If you’re looking forward to the next Jurassic World movie, Jurassic World: Dominion, and can’t wait to see some footage from the Colin Trevorrow-helmed sequel, I’ve got some great news for you: a special extended preview of Dominion will play exclusively ahead of every IMAX screening of F9 starting June 25th. I got to see the five-minute preview (you can read a detailed description here) and absolutely loved the footage which not only gives new information about a dinosaur everyone loves, but showcases how far VFX have grown since the last Jurassic movie. As you watch the footage on the huge IMAX screen you’ll notice webbing in a mouth, feathers, and little things like broken teeth and lifelike scales. Trust me, if you need a fix of new Jurassic World footage, pick up some IMAX tickets to F9 and make sure you reserve a great seat.
Shortly after seeing the footage, I spoke to director Colin Trevorrow. During the wide-ranging conversation, he talked about how he’s almost done with the film, how the story doesn’t follow the traditional screenplay structure, what it was like the first time Laura Dern, Sam Neill, and Jeff Goldblum were on set together, how he’s been showing the film to hardcore fans to get feedback, how the movie takes place four years after Jurassic World: Fallen Kingdom ended, the advances they’ve made with VFX, and more. In addition, when I asked if this is a global movie, Trevorrow replied saying, “It’s got a little bit of Bourne and Bond and a bit of a spy movie thrown into it too. Spy movie, science thriller with dinosaurs.” Sounds great to me.
Check out exactly what Trevorrow had to say below.
COLLIDER: How are things going on the movie?
COLIN TREVORROW: We had a screening today. We showed the movie, just to some friends and people around Pinewood, which is both nerve wracking and a blast. I brought my daughter of age eight as my security blanket.
You’re a year out from the movie being done. So how much is rough storyboards and animatics that people are watching?
TREVORROW: We’re not a year out of the movie being done. We’re a year out for it being released. Our visual effects are almost done.
TREVORROW: So they’re watching a movie. Yeah. We’re almost, I mean, we’ve got a little bit, but there’s nothing that isn’t … We don’t have cartoon dinosaurs walking around. You’re watching the movie. It’s tough to show people without the sound mix, because there’s so much of the emotion that you have is brought out of that mix. But what they’re looking at, it’s an ability to judge it.
Did you walk out of it being like, “Okay, we got it.”?
TREVORROW: I don’t have that arrogance in me. It doesn’t exist. I’m always wondering how we can make it more effective. Long after it’ll be released, I’m sure it will be the way … I understand it now. I understand it all. Remaking the movie you made, doing a new version of it years later. I get it.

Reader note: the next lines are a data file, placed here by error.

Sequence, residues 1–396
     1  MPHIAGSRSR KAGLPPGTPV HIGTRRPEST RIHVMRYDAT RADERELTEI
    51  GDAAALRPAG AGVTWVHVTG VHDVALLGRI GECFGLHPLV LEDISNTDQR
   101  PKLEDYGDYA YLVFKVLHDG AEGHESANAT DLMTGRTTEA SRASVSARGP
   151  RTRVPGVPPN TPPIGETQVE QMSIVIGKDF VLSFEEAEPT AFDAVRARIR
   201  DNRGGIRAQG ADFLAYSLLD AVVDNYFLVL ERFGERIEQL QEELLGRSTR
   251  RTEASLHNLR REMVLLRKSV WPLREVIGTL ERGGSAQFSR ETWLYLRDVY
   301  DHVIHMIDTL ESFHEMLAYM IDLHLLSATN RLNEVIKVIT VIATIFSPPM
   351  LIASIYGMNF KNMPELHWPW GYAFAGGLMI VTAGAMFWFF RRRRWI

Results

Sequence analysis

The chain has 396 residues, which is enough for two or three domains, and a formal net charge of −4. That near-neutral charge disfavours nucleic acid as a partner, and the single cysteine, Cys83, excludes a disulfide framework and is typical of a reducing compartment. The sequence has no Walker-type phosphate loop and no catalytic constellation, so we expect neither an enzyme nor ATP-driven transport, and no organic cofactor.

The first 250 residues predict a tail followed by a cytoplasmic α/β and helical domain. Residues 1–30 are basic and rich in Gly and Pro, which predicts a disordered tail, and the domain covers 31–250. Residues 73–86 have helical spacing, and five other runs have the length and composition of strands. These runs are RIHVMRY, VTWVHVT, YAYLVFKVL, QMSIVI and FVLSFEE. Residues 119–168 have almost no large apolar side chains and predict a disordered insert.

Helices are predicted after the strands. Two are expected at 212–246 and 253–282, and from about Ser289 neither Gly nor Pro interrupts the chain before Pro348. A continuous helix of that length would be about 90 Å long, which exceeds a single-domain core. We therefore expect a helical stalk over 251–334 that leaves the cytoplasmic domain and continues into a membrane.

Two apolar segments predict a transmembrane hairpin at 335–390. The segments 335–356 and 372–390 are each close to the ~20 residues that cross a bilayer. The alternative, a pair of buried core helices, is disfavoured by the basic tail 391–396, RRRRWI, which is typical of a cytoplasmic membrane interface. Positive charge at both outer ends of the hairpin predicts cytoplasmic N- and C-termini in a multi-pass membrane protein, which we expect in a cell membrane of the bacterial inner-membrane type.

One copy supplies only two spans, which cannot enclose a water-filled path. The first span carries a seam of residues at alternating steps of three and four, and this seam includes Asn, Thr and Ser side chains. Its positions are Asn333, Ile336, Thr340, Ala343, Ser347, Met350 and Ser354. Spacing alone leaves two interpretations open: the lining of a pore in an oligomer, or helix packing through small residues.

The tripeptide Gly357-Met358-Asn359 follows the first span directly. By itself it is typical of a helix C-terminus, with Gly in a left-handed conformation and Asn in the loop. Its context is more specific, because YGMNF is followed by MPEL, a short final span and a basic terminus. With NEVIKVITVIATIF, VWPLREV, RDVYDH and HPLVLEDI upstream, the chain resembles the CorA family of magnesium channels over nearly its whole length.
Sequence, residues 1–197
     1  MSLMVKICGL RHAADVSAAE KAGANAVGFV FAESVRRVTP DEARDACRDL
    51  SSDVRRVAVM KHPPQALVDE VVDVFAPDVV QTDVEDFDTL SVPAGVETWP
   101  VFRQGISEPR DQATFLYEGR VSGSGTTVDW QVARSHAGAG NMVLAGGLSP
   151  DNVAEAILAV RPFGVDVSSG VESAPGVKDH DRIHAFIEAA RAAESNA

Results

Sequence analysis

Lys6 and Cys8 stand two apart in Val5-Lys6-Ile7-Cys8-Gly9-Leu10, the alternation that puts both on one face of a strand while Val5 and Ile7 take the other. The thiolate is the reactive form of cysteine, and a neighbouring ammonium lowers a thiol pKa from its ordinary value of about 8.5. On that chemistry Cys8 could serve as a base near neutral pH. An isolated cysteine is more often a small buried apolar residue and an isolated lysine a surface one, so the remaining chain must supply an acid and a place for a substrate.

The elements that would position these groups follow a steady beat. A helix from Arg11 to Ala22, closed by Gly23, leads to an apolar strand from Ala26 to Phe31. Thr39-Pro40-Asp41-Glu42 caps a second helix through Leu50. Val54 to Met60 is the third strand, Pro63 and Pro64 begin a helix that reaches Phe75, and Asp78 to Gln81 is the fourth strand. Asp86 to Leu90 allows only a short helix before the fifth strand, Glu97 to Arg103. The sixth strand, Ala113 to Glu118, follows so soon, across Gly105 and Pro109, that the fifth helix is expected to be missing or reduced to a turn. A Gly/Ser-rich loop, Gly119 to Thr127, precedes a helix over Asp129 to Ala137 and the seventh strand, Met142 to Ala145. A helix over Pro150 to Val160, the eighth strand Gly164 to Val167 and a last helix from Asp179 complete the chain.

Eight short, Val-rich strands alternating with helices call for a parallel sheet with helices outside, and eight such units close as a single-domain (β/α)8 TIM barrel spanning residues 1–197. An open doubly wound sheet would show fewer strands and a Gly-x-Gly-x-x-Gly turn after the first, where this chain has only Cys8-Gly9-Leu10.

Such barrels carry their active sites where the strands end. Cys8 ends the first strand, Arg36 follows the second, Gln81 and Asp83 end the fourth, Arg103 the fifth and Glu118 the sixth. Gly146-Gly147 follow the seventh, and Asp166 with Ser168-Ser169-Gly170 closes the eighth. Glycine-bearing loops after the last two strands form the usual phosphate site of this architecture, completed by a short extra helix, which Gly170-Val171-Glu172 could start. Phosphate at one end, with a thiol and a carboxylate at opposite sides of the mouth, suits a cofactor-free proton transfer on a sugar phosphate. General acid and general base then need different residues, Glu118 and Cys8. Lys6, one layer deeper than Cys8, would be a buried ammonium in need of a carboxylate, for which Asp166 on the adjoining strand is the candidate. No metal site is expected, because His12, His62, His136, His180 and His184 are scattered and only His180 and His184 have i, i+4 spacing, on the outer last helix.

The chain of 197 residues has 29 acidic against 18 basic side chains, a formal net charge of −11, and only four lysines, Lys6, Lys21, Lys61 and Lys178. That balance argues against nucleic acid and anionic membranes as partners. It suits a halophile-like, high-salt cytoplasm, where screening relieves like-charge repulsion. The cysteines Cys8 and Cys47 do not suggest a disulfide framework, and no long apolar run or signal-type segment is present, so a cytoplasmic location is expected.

Well, at least you have a year to adjust if something isn’t working. You have tons of characters in this movie. As a fan I want to see them on screen a bunch. So do you think it’s going to be two-and-a-half hours? What’s your cut right now?
TREVORROW: I know how long it is now, and it’s not longer than that, but it’s a movie that involves doing justice to two sets of characters and not shortchanging anybody. And as I’ve mentioned a million times, I know you’ll you’ll know when you see it, Laura and Sam and Jeff are just as big a part of the movie as Chris and Bryce are, as far as screen time, as far as their importance to the story, everything.
And so, what you’re doing is, is you’re telling two parallel stories that are just driving closer and closer together, and you understand that, and you start to understand how they’re going to intersect, and then they do. But that’s not a traditional way to structure a movie. And so, the way that we have been building it and moving things around and trying to figure out, it’s just much more …
It’s just much less of a gimme, I think, than that it would be if you were following that traditional screenplay structure, where everybody knows what happens on page twelve. And so, that’s why we’ve been putting just a lot of time and attention and showing to people and see how they feel and showing it to deep fans of Jurassic Park, people who swear by it and love it, and then seeing how they feel. It’s been a much more involved process with the audience this time.
So the five minute IMAX preview is awesome. I didn’t expect to get a nature film for half of it, and I loved it.
TREVORROW: Thank you.
Is the mosquito that we see in the footage the same mosquito in amber that John Hammond has on his staff?
TREVORROW: I don’t know if I can declare that. All I know is that, that’s the one that bit our T-Rex that we know, because that’s our T-Rex, it’s not just a T-Rex. And to me, I feel like we’re watching a character origin story. We know something about our T-Rex that we didn’t know. She’s been through a lot. And now we also know that she was brutally murdered by a very specific dinosaur, by the Giganotosaurus, 65 million years ago. And that’s a part of our story. I want people to be invested in that, and I want to care about what happened to her. And now that she’s back after everything she’s been through, hopefully she’ll be able to live in peace. I just want her to live in peace, man.
Is all that footage we saw in the IMAX preview part of Dominion, or is any of that specific just for this IMAX event?